fresh voices from the front lines of change







Schemes and scams unravel, usually badly. China has been manipulating its currency, causing economic imbalances on a scale the world has rarely if ever before seen. The consequences are causing inflation problems inside China. One way or another this is going to adjust and China has to find a way to keep it from exploding.

Chinese people are feeling the inflation. This segment yesterday on Marketplace, for example,

Wang’s 39. He assembles furniture at a warehouse for $500 a month. Half of that goes to rent for a bed in a crowded room; the other half to his family. But lately, he’s set more aside to cover the rising cost of food. Rapid inflation makes him wonder what how he can go on.

Yesterday on the PBS Newshour, a segment Amid Hu’s U.S. Visit, How Do China’s Youth View Rest of World?, talking with Chinese students,

(Note, if the video isn’t working you can watch it here.)

“When others see China, they see, oh, 8 percent per year, but when the Chinese see itself, they see unemployment, they see inflation, they see the rising costs of households.”

Paul Krugman today, in China Goes to Nixon, lays it out,

In fact, Chinese currency policy is a lose-lose proposition, simultaneously depressing employment here and producing an overheated, inflation-prone economy in China itself.

One way to think about what’s happening is that inflation is the market’s way of undoing currency manipulation. China has been using a weak currency to keep its wages and prices low in dollar terms; market forces have responded by pushing those wages and prices up, eroding that artificial competitive advantage. Some estimates I’ve heard suggest that at current rates of inflation, Chinese undervaluation could be gone in two or three years — not soon enough, but sooner than many expected.

China’s leaders are, however, trying to prevent this outcome, not just to protect exporters’ interest, but because inflation is even more unpopular in China than it is elsewhere. One big reason is that China already in effect exploits its citizens through financial repression (other kinds, too, but that’s not relevant here). Interest rates on bank deposits are limited to just 2.75 percent, which is below the official inflation rate — and it’s widely believed that China’s true inflation rate is substantially higher than its government admits.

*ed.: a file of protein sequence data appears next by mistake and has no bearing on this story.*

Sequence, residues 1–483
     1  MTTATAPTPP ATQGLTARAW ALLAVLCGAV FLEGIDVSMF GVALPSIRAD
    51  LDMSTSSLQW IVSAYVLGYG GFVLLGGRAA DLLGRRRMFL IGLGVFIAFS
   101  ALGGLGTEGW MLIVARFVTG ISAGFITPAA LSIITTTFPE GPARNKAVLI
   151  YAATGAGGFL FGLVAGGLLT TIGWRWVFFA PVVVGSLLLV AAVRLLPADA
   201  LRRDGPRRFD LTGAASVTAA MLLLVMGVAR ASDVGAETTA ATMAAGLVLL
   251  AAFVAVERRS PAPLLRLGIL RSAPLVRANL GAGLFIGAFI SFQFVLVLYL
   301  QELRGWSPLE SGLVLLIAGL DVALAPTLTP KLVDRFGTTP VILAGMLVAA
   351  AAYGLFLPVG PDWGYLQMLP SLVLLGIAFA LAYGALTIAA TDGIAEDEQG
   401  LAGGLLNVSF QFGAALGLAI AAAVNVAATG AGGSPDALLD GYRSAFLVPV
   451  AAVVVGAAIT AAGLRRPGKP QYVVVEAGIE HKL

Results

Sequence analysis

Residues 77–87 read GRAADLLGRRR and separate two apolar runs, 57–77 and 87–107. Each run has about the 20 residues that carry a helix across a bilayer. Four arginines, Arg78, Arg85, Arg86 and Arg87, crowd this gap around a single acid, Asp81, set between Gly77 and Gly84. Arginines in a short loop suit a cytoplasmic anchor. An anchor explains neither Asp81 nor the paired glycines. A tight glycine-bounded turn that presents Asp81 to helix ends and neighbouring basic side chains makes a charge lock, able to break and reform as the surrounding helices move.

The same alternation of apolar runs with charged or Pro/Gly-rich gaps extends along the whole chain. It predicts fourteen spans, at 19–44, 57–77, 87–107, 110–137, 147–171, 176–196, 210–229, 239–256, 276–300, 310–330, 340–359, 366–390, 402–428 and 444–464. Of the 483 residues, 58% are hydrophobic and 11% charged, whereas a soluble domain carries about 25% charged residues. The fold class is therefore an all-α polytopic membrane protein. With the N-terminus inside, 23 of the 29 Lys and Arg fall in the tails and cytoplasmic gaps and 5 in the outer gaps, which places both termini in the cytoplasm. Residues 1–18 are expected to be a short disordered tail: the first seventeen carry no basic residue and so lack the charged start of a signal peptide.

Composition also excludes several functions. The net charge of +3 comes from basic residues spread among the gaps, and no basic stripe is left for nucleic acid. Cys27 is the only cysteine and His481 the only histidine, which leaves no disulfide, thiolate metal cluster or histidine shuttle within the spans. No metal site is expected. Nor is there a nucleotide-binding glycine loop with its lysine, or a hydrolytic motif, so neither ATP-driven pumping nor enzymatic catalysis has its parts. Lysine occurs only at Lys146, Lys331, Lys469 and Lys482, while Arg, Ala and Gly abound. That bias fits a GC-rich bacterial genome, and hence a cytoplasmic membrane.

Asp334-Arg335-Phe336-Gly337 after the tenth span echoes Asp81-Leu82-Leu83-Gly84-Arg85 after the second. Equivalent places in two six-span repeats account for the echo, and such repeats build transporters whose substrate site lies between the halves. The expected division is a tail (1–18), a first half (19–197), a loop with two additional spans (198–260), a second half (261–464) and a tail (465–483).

Rapidly rising prices, even if matched by wage increases, will make this exploitation much worse. It’s no wonder that the Chinese public is angry about inflation, and that China’s leaders want to stop it.

China’s currency scheme is unraveling and China’s government is trying to manage the internal pressures. But for who? Interests in China that have become wealthy use their increased wealth and power to influence policy to keep the good stuff flowing their way by keeping restrictions on imports. American multinationals use their wealth and power to push for lower wages.

Our government is supposed to be a countervailing power that speaks for We, the People and American workers. So our government should be pushing for China to stop restricting imports, stop manipulating currency and open up freedoms for Chinese workers to bargain for higher wages. The way to do this is to ask Chine nicely (done this, decades…), send them sternly worded letters (done this, no effect), demand changes (done this, no effect) and finally impose sanctions that restrict the imports into our markets until we have a level playing field.

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